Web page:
The primary objective of the trial is to determine the feasibility and clinical safety and
efficacy of non-invasive inhaled nitric oxide in infants with PPHN without significant
pulmonary +-parenchymal disease who would normally receive inhaled nitric oxide only after
placement of a tracheal tube and the institution of mechanical ventilation.
Blending low doses of NO gas with oxygen in the inspiratory limb of mechanical ventilators
is an effective method for reducing pulmonary vascular resistance and decreasing
extrapulmonary right-to-left shunting at the ductus arteriosus and foramen ovale in many
patients with PPHN. However, in some patients with PPHN, sustained elevations of PVR may
occur in the absence of or despite improvement in the parenchymal lung disease such that
mechanical ventilation is not needed for maintaining adequate gas exchange.
PPN in the absence of pulmonary parenchymal disease or despite improvement in the
parenchymal lung disease occurs in a significant subset of newborn infants with hypoxemic
respiratory failure. Inhaled NO can be effectively delivered by non-invasive techniques to
newborn infants with PPHN, potentially reducing the duration of mechanical ventilation,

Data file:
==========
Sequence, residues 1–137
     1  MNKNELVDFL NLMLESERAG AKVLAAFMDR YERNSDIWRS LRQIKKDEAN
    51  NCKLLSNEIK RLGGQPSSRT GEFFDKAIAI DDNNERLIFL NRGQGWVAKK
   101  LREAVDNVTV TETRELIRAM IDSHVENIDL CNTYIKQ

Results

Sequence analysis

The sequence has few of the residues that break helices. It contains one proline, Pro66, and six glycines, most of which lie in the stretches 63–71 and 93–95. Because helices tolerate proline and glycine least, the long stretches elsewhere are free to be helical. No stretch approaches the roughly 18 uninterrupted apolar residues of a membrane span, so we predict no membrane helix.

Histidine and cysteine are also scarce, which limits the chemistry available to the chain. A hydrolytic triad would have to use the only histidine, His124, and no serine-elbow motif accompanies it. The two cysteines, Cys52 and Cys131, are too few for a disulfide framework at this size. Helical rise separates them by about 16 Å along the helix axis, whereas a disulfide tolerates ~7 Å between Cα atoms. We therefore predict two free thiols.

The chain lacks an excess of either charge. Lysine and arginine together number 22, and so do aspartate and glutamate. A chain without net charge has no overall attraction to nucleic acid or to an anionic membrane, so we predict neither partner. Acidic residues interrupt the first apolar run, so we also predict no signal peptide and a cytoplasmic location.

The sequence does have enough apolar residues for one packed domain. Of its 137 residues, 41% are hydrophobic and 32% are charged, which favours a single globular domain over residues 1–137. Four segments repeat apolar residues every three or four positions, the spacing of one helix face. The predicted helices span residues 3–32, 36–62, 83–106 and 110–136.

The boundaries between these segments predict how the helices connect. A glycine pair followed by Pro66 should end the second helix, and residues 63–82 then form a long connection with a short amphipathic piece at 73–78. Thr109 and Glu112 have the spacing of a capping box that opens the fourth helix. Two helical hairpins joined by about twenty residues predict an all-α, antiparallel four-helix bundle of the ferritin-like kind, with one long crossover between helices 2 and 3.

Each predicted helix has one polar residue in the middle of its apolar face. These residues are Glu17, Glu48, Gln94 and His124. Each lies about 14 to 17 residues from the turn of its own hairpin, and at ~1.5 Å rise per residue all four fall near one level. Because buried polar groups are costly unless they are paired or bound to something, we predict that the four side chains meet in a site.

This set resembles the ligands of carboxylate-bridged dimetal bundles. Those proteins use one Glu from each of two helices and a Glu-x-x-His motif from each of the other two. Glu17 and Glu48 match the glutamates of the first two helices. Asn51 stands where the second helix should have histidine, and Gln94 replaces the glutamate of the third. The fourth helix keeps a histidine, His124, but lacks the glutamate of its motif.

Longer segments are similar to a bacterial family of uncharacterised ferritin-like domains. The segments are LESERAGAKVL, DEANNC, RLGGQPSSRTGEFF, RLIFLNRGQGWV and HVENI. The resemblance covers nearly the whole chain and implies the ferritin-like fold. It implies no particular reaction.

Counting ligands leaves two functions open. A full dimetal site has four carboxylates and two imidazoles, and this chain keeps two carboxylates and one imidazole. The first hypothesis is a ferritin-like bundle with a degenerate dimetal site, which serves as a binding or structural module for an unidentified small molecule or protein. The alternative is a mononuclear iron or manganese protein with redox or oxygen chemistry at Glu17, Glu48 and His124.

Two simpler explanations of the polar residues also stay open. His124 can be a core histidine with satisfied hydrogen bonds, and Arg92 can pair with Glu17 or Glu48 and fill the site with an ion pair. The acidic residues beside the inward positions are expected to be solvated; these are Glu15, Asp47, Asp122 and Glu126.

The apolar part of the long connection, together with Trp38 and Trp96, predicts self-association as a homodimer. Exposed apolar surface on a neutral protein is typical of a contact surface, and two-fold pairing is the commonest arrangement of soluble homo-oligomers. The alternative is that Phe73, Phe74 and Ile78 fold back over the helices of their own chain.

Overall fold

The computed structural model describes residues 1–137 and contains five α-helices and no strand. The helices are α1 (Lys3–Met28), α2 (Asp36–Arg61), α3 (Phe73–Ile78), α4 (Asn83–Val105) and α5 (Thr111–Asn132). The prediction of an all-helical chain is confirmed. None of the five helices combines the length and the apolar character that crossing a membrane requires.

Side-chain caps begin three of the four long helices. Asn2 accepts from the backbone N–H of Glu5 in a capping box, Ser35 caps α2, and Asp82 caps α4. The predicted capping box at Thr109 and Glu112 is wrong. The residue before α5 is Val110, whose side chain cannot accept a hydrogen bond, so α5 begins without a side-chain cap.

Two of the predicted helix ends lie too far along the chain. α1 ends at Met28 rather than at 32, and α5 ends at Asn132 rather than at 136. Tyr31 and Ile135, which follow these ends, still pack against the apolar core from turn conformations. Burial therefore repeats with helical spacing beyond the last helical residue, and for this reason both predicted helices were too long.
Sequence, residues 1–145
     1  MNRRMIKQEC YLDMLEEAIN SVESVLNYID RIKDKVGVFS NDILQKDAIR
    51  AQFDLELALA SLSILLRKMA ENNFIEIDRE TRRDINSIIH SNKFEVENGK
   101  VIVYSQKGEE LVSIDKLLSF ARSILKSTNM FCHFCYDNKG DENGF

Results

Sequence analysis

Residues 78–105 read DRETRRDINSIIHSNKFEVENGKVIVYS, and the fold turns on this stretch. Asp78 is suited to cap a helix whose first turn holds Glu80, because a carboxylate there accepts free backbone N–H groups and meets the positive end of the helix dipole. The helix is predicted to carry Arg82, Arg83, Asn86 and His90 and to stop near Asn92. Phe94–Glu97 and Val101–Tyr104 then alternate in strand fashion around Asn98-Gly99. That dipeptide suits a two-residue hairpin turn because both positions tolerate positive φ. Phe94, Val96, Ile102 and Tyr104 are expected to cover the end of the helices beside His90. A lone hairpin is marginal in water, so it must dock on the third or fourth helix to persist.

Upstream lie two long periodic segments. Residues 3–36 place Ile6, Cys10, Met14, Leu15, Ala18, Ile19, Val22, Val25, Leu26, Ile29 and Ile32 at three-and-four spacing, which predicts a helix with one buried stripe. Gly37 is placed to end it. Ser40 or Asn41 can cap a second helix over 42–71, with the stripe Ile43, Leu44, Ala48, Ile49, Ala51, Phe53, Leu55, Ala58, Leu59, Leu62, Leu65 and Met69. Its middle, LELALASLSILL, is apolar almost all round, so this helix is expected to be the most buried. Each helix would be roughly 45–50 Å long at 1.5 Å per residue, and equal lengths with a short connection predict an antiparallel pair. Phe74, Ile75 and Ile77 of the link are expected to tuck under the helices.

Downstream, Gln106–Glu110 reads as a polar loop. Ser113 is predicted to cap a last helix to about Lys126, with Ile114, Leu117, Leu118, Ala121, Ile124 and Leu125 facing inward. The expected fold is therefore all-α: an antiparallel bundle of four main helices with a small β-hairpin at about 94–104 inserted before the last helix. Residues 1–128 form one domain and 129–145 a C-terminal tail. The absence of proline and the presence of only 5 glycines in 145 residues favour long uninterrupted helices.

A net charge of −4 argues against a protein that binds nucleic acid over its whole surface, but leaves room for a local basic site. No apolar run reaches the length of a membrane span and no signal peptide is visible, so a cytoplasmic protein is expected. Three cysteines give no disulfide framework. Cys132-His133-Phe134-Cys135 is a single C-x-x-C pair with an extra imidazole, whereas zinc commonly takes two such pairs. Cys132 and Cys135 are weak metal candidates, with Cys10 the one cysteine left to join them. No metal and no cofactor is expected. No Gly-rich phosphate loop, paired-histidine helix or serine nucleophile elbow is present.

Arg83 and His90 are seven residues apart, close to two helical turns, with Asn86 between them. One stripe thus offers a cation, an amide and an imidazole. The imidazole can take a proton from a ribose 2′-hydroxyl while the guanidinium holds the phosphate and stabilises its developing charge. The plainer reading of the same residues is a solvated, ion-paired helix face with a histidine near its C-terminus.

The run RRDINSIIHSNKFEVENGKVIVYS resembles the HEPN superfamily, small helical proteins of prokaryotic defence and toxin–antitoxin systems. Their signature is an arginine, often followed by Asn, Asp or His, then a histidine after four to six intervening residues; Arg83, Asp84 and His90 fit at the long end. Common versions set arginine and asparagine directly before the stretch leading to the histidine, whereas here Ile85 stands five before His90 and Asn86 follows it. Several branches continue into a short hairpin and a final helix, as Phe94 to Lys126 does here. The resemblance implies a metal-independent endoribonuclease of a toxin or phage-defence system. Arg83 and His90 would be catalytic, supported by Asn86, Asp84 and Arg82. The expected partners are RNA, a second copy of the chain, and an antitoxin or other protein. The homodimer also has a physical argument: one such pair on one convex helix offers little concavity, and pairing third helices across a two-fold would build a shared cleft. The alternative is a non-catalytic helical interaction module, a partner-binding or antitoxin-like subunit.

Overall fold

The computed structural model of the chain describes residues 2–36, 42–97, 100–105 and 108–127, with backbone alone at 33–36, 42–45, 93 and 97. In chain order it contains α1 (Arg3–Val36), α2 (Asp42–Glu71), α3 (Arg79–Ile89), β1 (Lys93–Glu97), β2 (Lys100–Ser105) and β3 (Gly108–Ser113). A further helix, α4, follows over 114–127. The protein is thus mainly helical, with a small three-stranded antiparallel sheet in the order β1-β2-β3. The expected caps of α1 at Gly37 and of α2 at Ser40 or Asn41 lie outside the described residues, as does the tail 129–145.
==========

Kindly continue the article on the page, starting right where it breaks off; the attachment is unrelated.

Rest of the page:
while safely treating the elevation in pulmonary artery pressure and right-to-left.
A dose of 10-20 ppm measured within the delivery device is sufficient to maintain
nasopharyngeal concentrations within a range of 1-10 ppm. My co-authors and I have also
reported a series of eleven infants with pulmonary hypertension treated with low dose iNO
delivered via nasal cannula after extubation at the 14th Annual CNMC Symposium on ECMO &
Advanced Therapies for Respiratory Failure, Keystone, CO, 1998.
- Newborn infants >/= 34 weeks with clinical or echocardiographic evidence of PPHN with
a PaO2 < 100 of Fio2 0.8 who are not mechanically ventilated
- Infants with significant lung disease
- Inability to sustain spontaneous respirations
- Lethal congenital anomalies
- Severe birth asphyxia
Golde Dudell, M.D.
Emory University, Department of Pediatrics, Division of Neonatology